Here Mr. George is much dismayed by the graces and accomplishments of his nieces that are and by the beauty of Rosa, his niece that is to be, and by the affectionate salutations of these young ladies, which he receives in a sort of dream. He is sorely taken aback, too, by the dutiful behaviour of his nephew and has a woeful consciousness upon him of being a scapegrace. However, there is great rejoicing and a very hearty company and infinite enjoyment, and Mr. George comes bluff and martial through it all, and his pledge to be present at the marriage and give away the bride is received with universal favour. A whirling head has Mr. George that night when he lies down in the state-bed of his brother's house to think of all these things and to see the images of his nieces (awful all the evening in their floating muslins) waltzing, after the German manner, over his counterpane.
The brothers are closeted next morning in the ironmaster's room, where the elder is proceeding, in his clear sensible way, to show how he thinks he may best dispose of George in his business, when George squeezes his hand and stops him.
"Brother, I thank you a million times for your more than brotherly welcome, and a million times more to that for your more than brotherly intentions. But my plans are made. Before I say a word as to them, I wish to consult you upon one family point. How," says the trooper, folding his arms and looking with indomitable firmness at his brother, "how is my mother to be got to scratch me?"
"I am not sure that I understand you, George," replies the ironmaster.
"I say, brother, how is my mother to be got to scratch me? She must be got to do it somehow."
"Scratch you out of her will, I think you mean?"
"Of course I do. In short," says the trooper, folding his arms more resolutely yet, "I mean--TO--scratch me!"
"My dear George," returns his brother, "is it so indispensable that you should undergo that process?"
"Quite! Absolutely! I couldn't be guilty of the meanness of coming back without it. I should never be safe not to be off again. I have not sneaked home to rob your children, if not yourself, brother, of your rights. I, who forfeited mine long ago! If I am to remain and hold up my head, I must be scratched. Come. You are a man of celebrated penetration and intelligence, and you can tell me how it's to be brought about."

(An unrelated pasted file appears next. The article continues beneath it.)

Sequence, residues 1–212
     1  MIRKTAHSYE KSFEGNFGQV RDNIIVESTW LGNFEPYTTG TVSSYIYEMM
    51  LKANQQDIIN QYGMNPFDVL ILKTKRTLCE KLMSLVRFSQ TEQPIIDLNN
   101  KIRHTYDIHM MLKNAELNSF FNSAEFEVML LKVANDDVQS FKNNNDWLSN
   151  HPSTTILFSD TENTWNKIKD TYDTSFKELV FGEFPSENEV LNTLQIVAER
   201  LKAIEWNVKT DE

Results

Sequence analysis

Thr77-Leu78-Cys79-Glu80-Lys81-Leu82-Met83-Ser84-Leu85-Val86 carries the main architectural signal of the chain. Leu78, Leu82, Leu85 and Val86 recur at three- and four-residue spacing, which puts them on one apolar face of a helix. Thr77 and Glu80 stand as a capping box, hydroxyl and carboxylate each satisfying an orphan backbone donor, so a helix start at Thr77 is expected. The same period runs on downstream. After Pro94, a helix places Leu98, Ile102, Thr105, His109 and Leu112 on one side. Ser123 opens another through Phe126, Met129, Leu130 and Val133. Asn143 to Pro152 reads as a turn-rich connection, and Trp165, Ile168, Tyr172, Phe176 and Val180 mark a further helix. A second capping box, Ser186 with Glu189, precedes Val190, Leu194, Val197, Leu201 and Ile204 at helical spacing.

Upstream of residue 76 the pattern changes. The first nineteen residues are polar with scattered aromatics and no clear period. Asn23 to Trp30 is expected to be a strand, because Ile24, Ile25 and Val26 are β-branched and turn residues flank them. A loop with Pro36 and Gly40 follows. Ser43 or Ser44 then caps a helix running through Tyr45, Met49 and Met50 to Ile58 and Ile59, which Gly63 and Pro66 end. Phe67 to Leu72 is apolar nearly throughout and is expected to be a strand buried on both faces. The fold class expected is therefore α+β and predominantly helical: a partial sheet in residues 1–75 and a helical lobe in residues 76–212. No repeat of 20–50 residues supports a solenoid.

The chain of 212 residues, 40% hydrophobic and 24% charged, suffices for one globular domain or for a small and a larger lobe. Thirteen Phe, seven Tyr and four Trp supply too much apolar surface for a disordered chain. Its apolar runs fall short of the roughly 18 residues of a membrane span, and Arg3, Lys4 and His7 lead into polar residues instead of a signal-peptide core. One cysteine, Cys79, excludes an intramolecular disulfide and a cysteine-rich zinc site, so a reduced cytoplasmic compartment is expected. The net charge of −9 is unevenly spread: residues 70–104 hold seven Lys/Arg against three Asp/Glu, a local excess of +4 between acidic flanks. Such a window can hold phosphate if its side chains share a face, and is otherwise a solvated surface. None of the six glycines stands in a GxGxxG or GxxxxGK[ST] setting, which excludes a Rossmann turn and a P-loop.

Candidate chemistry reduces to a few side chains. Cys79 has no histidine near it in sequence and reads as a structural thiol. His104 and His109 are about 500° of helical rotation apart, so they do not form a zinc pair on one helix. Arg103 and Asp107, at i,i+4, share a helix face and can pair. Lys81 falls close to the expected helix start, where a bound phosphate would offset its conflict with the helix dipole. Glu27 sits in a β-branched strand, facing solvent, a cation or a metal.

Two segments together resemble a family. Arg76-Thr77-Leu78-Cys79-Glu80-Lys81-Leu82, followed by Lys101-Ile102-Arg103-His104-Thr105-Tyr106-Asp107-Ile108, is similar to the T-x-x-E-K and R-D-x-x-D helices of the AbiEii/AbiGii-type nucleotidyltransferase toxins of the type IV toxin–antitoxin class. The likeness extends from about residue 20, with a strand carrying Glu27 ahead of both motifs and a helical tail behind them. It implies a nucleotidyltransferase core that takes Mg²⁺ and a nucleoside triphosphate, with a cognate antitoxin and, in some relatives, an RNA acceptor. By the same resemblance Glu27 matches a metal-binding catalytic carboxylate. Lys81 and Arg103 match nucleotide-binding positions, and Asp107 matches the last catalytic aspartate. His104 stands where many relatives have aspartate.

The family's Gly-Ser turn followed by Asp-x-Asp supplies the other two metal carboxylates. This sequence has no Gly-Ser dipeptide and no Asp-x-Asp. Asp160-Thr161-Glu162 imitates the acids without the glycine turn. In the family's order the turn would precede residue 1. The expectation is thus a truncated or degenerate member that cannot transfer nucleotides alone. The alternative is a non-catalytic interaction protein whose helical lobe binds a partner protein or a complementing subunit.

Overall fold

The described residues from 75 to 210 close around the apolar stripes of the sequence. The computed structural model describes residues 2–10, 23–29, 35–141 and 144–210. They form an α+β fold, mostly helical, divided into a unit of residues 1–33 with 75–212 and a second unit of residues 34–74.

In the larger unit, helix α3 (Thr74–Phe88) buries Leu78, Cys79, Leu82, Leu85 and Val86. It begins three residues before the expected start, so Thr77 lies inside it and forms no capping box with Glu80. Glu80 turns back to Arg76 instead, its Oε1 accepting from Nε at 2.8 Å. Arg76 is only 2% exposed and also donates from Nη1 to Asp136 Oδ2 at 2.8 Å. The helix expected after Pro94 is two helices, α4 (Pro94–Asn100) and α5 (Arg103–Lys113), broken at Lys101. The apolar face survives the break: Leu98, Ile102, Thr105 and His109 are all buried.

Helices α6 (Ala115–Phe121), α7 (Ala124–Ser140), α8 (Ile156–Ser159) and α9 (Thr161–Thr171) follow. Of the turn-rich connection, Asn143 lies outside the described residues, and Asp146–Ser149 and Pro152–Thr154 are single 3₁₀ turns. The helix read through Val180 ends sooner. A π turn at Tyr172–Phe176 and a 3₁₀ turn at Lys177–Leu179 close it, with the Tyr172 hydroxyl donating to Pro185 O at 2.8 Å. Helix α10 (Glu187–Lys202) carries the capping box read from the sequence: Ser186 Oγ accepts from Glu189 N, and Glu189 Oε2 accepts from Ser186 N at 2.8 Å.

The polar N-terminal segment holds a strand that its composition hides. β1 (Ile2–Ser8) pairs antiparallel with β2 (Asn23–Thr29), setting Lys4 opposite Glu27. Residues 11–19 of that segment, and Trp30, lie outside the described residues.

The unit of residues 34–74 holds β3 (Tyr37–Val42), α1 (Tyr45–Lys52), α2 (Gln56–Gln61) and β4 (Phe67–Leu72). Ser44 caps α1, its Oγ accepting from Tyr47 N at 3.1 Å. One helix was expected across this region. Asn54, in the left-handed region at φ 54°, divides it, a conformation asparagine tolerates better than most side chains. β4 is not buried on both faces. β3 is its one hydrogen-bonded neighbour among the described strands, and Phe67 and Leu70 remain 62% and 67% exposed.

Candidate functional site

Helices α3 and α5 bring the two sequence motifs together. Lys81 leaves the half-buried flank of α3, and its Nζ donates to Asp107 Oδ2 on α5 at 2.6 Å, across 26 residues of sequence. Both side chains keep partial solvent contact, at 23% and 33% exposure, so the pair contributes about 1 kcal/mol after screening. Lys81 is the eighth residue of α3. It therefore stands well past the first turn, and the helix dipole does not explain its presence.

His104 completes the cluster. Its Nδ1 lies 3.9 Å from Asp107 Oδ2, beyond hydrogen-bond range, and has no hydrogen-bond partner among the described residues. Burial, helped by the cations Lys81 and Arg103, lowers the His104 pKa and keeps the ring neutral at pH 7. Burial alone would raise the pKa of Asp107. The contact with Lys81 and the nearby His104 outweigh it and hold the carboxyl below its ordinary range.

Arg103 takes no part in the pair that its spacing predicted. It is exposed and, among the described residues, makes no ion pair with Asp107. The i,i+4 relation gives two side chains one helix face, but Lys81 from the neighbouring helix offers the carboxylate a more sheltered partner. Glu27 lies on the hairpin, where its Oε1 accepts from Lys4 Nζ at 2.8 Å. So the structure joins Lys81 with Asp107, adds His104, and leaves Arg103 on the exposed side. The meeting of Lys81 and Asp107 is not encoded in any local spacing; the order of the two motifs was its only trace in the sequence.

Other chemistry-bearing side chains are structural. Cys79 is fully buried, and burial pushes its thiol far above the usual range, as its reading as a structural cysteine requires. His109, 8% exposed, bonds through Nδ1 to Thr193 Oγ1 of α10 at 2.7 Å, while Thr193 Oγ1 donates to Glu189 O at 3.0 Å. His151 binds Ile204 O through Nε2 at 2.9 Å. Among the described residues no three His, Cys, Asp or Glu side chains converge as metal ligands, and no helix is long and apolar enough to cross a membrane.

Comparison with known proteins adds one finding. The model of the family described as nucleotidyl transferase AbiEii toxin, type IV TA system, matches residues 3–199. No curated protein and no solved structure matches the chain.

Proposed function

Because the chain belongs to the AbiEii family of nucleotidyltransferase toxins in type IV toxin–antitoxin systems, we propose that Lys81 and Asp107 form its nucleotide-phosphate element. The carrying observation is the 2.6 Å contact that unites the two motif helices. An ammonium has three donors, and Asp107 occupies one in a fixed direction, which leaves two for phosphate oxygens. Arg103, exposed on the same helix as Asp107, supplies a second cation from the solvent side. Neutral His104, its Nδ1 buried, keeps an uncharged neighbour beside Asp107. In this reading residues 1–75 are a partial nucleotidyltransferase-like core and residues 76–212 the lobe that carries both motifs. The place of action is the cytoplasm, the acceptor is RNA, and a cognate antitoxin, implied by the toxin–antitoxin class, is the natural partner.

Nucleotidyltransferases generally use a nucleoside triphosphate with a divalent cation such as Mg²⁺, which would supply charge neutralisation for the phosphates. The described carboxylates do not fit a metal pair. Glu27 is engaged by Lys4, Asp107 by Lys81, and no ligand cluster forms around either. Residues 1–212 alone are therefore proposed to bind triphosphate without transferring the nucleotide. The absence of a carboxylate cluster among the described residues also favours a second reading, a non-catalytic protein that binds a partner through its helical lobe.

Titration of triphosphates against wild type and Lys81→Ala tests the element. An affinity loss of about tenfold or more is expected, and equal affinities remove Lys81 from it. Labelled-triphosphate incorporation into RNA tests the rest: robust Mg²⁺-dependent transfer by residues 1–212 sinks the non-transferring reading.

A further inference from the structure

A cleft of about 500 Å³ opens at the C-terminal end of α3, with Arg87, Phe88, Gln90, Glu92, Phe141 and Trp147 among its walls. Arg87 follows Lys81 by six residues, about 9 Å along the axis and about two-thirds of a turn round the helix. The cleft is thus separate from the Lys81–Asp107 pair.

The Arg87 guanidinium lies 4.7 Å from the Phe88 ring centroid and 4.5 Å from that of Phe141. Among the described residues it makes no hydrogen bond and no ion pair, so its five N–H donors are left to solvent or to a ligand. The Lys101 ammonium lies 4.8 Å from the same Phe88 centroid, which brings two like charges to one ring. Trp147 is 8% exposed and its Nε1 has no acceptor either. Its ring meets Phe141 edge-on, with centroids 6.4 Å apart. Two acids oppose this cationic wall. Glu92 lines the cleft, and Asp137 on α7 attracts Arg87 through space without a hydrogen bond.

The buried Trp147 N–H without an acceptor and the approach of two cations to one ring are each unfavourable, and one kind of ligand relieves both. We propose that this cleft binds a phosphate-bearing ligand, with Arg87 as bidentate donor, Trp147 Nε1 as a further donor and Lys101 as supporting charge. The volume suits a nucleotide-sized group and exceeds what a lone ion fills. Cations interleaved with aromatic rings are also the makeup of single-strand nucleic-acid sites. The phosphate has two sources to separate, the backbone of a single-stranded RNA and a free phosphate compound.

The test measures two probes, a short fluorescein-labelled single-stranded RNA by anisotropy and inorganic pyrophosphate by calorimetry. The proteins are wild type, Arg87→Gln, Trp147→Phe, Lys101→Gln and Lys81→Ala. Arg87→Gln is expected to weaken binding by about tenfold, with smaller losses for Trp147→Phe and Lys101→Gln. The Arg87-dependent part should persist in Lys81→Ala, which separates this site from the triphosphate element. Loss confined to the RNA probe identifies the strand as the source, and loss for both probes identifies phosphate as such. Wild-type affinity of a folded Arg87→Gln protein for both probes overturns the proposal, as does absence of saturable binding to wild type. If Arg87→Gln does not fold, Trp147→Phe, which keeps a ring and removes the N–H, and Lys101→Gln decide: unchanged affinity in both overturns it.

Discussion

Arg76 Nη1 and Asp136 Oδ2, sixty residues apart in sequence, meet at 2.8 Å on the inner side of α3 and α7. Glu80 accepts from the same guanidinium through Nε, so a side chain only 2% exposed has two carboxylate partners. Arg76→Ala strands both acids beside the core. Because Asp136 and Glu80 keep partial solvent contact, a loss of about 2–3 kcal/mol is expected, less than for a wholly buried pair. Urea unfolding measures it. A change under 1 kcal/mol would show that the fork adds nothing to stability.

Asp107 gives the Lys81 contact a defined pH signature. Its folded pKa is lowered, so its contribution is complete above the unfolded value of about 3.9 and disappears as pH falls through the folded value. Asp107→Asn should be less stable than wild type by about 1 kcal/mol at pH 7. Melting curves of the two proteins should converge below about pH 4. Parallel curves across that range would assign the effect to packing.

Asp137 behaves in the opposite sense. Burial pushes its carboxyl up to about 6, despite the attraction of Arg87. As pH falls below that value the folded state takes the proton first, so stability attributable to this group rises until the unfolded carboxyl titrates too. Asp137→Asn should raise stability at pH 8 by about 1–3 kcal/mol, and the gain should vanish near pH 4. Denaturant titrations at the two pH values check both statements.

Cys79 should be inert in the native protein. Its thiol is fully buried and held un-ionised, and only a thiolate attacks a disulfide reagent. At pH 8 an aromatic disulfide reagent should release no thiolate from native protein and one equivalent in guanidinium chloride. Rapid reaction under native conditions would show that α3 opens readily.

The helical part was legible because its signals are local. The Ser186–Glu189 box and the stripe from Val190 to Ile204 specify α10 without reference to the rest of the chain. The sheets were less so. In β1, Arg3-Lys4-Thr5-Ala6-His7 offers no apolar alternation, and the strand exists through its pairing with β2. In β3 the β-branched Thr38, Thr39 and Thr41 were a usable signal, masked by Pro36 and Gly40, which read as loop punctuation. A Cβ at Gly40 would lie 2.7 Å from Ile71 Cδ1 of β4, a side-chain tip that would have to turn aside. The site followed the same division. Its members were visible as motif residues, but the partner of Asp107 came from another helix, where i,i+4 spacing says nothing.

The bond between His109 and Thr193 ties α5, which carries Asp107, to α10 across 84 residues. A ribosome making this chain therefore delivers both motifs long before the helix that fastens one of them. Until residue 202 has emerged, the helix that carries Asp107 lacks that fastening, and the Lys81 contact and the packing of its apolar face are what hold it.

"I can tell you, George," replies the ironmaster deliberately, "how it is not to be brought about, which I hope may answer the purpose as well. Look at our mother, think of her, recall her emotion when she recovered you. Do you believe there is a consideration in the world that would induce her to take such a step against her favourite son? Do you believe there is any chance of her consent, to balance against the outrage it would be to her (loving dear old lady!) to propose it? If you do, you are wrong. No, George! You must make up your mind to remain UNscratched, I think." There is an amused smile on the ironmaster's face as he watches his brother, who is pondering, deeply disappointed. "I think you may manage almost as well as if the thing were done, though."
"Being bent upon it, you can dispose by will of anything you have the misfortune to inherit in any way you like, you know."
"That's true!" says the trooper, pondering again. Then he wistfully asks, with his hand on his brother's, "Would you mind mentioning that, brother, to your wife and family?"
"Not at all."
"Thank you. You wouldn't object to say, perhaps, that although an undoubted vagabond, I am a vagabond of the harum-scarum order, and not of the mean sort?"
The ironmaster, repressing his amused smile, assents.
"Thank you. Thank you. It's a weight off my mind," says the trooper with a heave of his chest as he unfolds his arms and puts a hand on each leg, "though I had set my heart on being scratched, too!"
The brothers are very like each other, sitting face to face; but a certain massive simplicity and absence of usage in the ways of the world is all on the trooper's side.